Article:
To see what backups are in the file, you can use SSMS to create a New Backup Device that references the file. Once the reference is created, you can display the backup details for what’s in this backup device. Or, you can use the RESTORE HEADERONLY command. Both of these will examine the backup device and provide one line of output describing each backup in the file. SSMS identifies backup types with a friendly name. Using the correct syntax, you will need to work out what type of backup each one is by using the information provided in the SQL Server Books Online entry for the command (see here for the SQL Server 2008 version) so that you can use the appropriate RESTORE command to restore the backup.
You will also need to work out which backup you want to restore. This is a little tricky because the output column name you need from RESTORE HEADERONLY does not match the option you must use to restore it. The backups in the file are numbered from 1, with 1 being the oldest, and the number can be found in the column called Position. To restore that backup, you must use the number in the WITH FILE=<number> portion of a RESTORE command. Below is an example:
RESTORE DATABASE test FROM DISK = 'C:\SQLskills\test.bak' WITH FILE = 1, NORECOVERY;RESTORE LOG test FROM DISK = 'C:\SQLskills\test.bak' WITH FILE = 2, NORECOVERY;
And so on. You must start the restore sequence with a database backup and then restore zero or more differential database and/or transaction log backups. Further detail is beyond the scope of this column, but you can read more about restore sequences and the other RESTORE options you might need in my article in the November 2009 issue on Recovering from Disasters Using Backups.
Using SSMS, you specify the backup file in the Restore Database wizard and it will automatically show you all the backups in the file and allow you to select the ones you want. An example is shown in Figure 1.
Figure 1 Using the SSMS Restore Database wizard to show multiple backups in a file.
Whichever option you choose, it’s vital that you practice performing restores to another location before you have to do it for real when recovering from a disaster. One of my favorite principles is “You do not have a backup until you’ve done a successful restore.”
Question: I have a pretty large database that I need to copy every few weeks to a development environment. My problem is that the database was recently grown in anticipation of more data coming in and now it’s too big when I restore it in the development environment. How can I get it to be smaller when I restore it?
Answer: This is a fairly common question for which there is not, unfortunately, a good answer.
A backup of a database does not alter the database in any way—it just reads all the used portions of the database and includes them in the backup, plus some of the transaction log (see this post on my blog for an explanation of why and how much). A restore from a database backup just creates the files, writes out what was in the backup, and then runs recovery on the database. Basically, what you had in the database is what you get when you restore. There’s no option to shrink a database on restore, address index fragmentation on restore, update statistics on restore, or any of the other operations people may want to perform.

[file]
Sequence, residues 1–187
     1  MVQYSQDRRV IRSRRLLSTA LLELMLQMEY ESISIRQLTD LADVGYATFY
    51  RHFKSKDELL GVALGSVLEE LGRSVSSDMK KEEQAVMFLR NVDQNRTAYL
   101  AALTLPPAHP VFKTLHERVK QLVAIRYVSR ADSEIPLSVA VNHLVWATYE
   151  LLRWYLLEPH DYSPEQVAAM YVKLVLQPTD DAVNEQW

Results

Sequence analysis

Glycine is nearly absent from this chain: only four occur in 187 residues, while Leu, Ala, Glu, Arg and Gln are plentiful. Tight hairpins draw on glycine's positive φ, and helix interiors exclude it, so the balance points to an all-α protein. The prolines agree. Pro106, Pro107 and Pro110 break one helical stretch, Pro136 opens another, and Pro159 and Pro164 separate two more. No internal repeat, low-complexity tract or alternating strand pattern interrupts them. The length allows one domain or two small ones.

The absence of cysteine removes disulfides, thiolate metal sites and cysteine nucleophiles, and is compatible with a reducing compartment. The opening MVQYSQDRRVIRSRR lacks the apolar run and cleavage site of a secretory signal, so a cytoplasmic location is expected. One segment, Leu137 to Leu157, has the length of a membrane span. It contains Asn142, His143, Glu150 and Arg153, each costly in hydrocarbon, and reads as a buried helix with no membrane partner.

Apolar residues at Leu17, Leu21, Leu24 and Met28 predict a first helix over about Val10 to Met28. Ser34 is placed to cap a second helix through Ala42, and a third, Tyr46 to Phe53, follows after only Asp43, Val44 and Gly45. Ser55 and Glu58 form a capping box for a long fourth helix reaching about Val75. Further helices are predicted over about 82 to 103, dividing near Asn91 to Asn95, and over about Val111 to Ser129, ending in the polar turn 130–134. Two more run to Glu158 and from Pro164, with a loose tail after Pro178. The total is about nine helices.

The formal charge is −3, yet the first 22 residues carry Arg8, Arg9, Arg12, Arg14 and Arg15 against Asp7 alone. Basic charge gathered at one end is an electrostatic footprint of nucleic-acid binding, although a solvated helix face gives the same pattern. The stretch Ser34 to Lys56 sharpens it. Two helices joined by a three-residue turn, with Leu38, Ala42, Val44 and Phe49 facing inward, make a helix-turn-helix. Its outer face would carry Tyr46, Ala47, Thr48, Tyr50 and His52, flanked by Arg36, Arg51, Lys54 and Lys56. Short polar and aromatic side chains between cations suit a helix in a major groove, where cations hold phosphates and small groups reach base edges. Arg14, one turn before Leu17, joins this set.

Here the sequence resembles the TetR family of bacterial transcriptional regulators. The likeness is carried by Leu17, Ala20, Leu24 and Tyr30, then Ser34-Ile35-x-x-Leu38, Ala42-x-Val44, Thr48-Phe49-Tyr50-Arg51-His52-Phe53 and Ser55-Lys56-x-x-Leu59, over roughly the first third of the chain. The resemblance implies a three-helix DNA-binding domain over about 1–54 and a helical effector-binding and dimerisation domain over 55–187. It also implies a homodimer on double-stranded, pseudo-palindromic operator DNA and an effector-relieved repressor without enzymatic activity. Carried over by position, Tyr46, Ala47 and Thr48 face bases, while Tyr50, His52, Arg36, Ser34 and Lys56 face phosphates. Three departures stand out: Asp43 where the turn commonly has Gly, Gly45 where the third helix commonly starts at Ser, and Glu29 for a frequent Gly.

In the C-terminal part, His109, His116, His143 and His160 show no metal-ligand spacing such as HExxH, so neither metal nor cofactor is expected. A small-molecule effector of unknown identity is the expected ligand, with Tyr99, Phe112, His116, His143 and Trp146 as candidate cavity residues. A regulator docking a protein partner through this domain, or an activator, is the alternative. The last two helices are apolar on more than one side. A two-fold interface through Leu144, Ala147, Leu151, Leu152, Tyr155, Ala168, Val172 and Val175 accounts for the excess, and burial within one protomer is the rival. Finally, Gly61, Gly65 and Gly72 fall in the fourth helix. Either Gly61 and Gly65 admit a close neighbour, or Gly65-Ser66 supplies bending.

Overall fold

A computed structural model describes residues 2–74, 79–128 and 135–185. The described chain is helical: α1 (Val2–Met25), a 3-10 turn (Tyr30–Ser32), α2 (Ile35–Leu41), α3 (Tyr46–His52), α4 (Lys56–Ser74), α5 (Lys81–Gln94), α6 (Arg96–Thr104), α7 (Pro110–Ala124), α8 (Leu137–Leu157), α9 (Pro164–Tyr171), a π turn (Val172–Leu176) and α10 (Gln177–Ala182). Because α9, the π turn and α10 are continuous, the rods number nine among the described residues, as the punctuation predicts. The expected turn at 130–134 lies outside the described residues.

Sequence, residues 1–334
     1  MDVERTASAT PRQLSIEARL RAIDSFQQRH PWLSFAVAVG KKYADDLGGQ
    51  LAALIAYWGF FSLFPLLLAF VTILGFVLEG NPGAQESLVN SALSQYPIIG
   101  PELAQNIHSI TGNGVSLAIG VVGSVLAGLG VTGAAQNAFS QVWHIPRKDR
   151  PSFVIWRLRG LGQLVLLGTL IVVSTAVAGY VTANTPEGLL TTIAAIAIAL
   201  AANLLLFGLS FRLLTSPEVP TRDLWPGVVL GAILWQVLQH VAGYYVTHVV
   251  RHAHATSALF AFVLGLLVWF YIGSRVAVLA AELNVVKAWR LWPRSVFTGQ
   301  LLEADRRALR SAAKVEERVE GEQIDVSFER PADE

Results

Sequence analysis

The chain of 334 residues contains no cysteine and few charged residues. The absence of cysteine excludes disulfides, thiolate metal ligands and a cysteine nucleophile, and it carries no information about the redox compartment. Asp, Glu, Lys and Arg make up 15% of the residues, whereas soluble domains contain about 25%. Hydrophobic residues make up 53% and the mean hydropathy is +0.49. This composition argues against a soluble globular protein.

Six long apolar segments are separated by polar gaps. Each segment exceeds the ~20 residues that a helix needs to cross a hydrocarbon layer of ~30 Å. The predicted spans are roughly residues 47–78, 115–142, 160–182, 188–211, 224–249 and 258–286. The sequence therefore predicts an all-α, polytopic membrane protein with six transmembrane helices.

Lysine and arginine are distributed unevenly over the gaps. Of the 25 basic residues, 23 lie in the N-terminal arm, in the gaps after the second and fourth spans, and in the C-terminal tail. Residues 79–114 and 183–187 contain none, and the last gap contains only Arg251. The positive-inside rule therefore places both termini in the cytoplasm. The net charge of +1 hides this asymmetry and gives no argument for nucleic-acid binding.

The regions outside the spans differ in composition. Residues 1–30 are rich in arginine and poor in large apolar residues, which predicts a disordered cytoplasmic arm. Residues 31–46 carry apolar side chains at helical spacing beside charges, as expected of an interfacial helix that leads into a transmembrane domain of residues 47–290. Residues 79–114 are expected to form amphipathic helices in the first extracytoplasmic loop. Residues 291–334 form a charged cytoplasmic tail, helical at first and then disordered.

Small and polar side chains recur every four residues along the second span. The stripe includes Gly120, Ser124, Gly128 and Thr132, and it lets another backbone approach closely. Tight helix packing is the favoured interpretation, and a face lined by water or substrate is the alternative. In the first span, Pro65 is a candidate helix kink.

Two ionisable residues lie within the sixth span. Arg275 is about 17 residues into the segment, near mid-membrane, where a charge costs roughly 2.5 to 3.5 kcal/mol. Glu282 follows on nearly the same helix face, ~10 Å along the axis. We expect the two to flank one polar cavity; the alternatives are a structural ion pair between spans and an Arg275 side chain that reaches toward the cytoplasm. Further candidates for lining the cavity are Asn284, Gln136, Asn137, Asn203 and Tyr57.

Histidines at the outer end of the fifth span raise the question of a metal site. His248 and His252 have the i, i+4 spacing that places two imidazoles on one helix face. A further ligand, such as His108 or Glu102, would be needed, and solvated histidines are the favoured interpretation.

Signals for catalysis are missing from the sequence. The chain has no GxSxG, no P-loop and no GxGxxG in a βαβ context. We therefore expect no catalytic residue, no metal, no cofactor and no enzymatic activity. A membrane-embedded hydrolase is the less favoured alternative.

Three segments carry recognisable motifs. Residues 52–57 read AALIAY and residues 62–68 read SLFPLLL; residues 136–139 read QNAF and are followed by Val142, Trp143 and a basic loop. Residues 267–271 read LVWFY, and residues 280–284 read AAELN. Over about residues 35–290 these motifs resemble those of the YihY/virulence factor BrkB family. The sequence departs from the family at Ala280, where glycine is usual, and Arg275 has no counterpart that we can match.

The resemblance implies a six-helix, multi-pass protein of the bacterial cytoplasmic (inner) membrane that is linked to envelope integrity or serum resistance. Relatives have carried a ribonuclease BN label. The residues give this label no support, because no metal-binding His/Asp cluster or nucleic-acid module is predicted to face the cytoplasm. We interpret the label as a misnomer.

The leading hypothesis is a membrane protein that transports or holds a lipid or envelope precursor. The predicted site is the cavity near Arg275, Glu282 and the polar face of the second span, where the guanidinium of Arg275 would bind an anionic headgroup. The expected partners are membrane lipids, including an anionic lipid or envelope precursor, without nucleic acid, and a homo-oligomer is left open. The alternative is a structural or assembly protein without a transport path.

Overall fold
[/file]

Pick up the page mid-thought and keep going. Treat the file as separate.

So how to achieve what you want? You’ve got three options, depending on your exact scenario.
First, you could perform a shrink operation on the production database to reclaim the empty space. This would make the restored copy of the database the same as the production one, and without the wasted space, but at a potentially high cost. The production database would have to be grown again, and the shrink operation could be extremely expensive (in terms of CPU, I/O and transaction log) and cause index fragmentation. The index fragmentation would have to be addressed, taking more resources. This is not the option you want to use. (For a more in-depth explanation of the perils of using a data file shrink, see this post on my blog.) You could consider only removing the free space at the end of the file (DBCC SHRINKFILE WITH TRUNCATEONLY) but this may not give you the reduction in size you need.
Second, if you only need to restore the production database once in development, you’ll need to have enough space to restore the full-size database, and then shrink it to reclaim the space. After that you’ll need to decide whether to address the fragmentation that was created by the shrink operation.
If you’re going to be running queries for performance testing or for reporting, the fragmentation could cause a big drop in the performance of these queries. If you’re not, you may not need to remove the fragmentation at all. To address the fragmentation, you can’t rebuild the indexes (using the ALTER INDEX … REBUILD command) as that requires extra space and will cause the database to grow again—you’ll need to reorganize the indexes (using the ALTER INDEX … REORGANIZE command).
If you do decide to remove fragmentation, be careful that you switch the database into the SIMPLE recovery model so the transaction log does not grow from all the transaction log records generated by the reorganizing. If you leave the database in the FULL recovery model, the log will continue to grow unless you take log backups—something you probably want to avoid dealing with in a development copy of the database.
Finally, if you need to restore the production database multiple times in development, you’re not going to want to repeat the steps in option 2 multiple times. In this case, it would be best to follow the steps in option 2 and then create a further backup of the shrunk (and maybe defragmented) database.
This second backup can then be used to perform multiple restores of the minimally sized production database.
To summarize, there is no easy way to move a production database that has a lot of free space to a development environment without that free space being required for the initial restore.
Thanks to Kimberly L. Tripp of SQLskills.com for providing a technical review of this month’s column!
Paul S. Randal is the managing director of SQLskills.com, a Microsoft regional director and a SQL Server MVP. He worked on the SQL Server Storage Engine team at Microsoft from 1999 to 2007. Randal wrote DBCC CHECKDB/repair for SQL Server 2005 and was responsible for the Core Storage Engine during SQL Server 2008 development. He is an expert on disaster recovery, high availability and database maintenance and is a regular presenter at conferences worldwide. He blogs at SQLskills.com/blogs/paul, and you can find him on Twitter at Twitter.com/PaulRandal.